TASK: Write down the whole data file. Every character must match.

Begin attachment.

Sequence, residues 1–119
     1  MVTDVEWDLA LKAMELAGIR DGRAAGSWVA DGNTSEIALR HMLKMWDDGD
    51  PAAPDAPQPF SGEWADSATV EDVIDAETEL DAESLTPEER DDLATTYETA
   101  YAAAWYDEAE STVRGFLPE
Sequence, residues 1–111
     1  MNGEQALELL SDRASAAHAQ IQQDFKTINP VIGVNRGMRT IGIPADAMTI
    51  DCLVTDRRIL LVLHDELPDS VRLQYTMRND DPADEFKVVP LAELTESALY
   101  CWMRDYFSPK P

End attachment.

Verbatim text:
Sequence, residues 1–119
     1  MVTDVEWDLA LKAMELAGIR DGRAAGSWVA DGNTSEIALR HMLKMWDDGD
    51  PAAPDAPQPF SGEWADSATV EDVIDAETEL DAESLTPEER DDLATTYETA
   101  YAAAWYDEAE STVRGFLPE
Sequence, residues 1–111
     1  MNGEQALELL SDRASAAHAQ IQQDFKTINP VIGVNRGMRT IGIPADAMTI
    51  DCLVTDRRIL LVLHDELPDS VRLQYTMRND DPADEFKVVP LAELTESALY
   101  CWMRDYFSPK P